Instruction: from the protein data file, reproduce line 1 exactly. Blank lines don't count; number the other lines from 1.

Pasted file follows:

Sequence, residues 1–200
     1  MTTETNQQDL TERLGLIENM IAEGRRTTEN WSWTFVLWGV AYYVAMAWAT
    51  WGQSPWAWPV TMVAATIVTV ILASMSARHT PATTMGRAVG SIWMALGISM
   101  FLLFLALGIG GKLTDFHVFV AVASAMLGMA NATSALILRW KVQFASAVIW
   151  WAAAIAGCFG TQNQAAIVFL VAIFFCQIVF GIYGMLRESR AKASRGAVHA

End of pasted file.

Sequence, residues 1–200